The market for mobile apps is ripe with opportunity. If you currently have an idea for an app that can potentially reach global success, it’s crucial to give it ample protection especially during its early stages.
Below are legal steps to protect your concept from would-be thieves:
Secure a non-disclosure agreement
Developing an app is a team effort. You’ll have to hire people with the right technical skills to turn your vision into reality.
But with so many people onboard, it can be hard to keep the project confidential and ensure your contractors don’t steal your idea after.
The best way to solve this is to require all your developers and freelancers to sign a non-disclosure agreement before they start working on your project. An NDA is a legally binding contract that indicates a confidential relationship. It prohibits the sharing of certain information that has been revealed to your contractors. An NDA will give you peace of mind knowing that your idea or trade secrets will be kept private.
From a copyright standpoint, your developers are the first owners to the copyright since they’re the ones who are building the app. That’s why you need an NDA to ensure any copyright is turned over to you. This way, no one can come after your company if your app becomes a hit.
Register a trademark
A trademark prevents anyone from using your name and logo. Clones who use your symbols could be sued for infringing trademark and copyright.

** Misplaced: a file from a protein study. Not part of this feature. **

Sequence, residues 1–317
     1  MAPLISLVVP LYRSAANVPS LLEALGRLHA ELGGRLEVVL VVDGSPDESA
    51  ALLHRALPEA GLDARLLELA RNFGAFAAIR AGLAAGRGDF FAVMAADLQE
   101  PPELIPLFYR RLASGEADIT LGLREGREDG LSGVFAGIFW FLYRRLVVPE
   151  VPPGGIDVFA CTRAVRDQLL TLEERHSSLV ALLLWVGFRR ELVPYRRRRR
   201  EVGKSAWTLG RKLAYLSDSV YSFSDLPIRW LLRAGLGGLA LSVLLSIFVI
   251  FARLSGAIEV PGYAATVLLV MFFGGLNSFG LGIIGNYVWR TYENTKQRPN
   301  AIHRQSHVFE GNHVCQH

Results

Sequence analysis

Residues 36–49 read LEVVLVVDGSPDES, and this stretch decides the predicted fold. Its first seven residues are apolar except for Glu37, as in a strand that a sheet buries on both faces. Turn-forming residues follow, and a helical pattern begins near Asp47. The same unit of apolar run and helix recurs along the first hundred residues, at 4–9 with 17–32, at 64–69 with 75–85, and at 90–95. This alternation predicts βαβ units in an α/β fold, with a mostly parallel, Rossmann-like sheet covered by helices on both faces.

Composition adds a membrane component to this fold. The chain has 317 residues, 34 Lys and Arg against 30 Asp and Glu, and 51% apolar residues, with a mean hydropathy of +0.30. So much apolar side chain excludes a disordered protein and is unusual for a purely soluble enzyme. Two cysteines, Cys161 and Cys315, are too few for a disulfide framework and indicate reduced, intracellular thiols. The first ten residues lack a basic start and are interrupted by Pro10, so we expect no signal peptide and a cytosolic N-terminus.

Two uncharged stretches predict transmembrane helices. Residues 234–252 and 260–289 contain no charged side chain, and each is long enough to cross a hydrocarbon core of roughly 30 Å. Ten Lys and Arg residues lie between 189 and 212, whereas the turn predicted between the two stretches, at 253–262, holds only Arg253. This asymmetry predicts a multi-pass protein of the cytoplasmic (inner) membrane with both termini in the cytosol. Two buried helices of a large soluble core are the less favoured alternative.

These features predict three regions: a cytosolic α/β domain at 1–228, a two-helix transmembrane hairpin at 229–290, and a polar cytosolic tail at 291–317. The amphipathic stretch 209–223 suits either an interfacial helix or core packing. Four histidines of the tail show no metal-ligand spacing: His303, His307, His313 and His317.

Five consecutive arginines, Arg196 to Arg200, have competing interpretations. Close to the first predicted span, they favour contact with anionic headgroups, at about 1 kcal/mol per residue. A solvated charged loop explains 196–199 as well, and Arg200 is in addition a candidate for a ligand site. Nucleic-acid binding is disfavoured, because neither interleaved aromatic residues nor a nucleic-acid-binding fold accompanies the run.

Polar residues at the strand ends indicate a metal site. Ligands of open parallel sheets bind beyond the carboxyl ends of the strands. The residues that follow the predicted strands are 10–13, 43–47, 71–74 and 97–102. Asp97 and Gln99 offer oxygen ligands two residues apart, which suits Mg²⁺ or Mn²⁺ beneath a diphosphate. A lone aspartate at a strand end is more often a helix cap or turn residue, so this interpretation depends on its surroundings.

Establishing a copyright infringement claim should be easy as long as you have copyright ownership and concrete proof of imitation. Copyright ownership is easy to prove in court if you can show all the necessary paperwork and NDAs.
However, it is the second part that may be harder to justify. This is where trademarks can work to your advantage. A brand identity protected by official trademark registration can stop traders who may use a name or logo similar to yours for their own advantage. A trademark registration usually lasts up to 10 years and can be renewed as long as you fulfill the requirements for post-registration maintenance.
Apply for a patent
Mobile apps must fulfill the necessary requirements to secure a patent. They must include novel functions or features and directed to something more than an abstract idea, which is you’ll need to show at least a prototype during your application. ;
A patent examiner can reject your application if your app is proven to be a product or clear adaptation of one or more pre-existing inventions. The best way to find out if your app is patentable is to consult with a software patent lawyer.
In reality, the simplest way to protect your app idea is to finish developing it. Copyright laws only cover the concrete expression of ideas, not mere concepts. This means you actually have to bring your app to life before you can legally safeguard it. Once the app is finished and copyrights are signed by third parties, your entire app, from code to design, are protected. No one can copy your code or create variations of your app.
Many people will have great ideas for mobile apps. But to stand out and actually profit from an idea, you need transparency, smart decision-making, and endless doses of creativity.